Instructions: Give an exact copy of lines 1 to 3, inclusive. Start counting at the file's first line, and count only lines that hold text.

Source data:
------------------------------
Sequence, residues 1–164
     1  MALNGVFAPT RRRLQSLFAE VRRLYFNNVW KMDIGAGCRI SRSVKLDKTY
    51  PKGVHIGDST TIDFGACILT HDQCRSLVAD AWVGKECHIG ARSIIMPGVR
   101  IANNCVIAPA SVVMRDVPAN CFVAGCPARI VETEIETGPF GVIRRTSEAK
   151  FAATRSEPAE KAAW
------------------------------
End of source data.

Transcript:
Sequence, residues 1–164
     1  MALNGVFAPT RRRLQSLFAE VRRLYFNNVW KMDIGAGCRI SRSVKLDKTY
    51  PKGVHIGDST TIDFGACILT HDQCRSLVAD AWVGKECHIG ARSIIMPGVR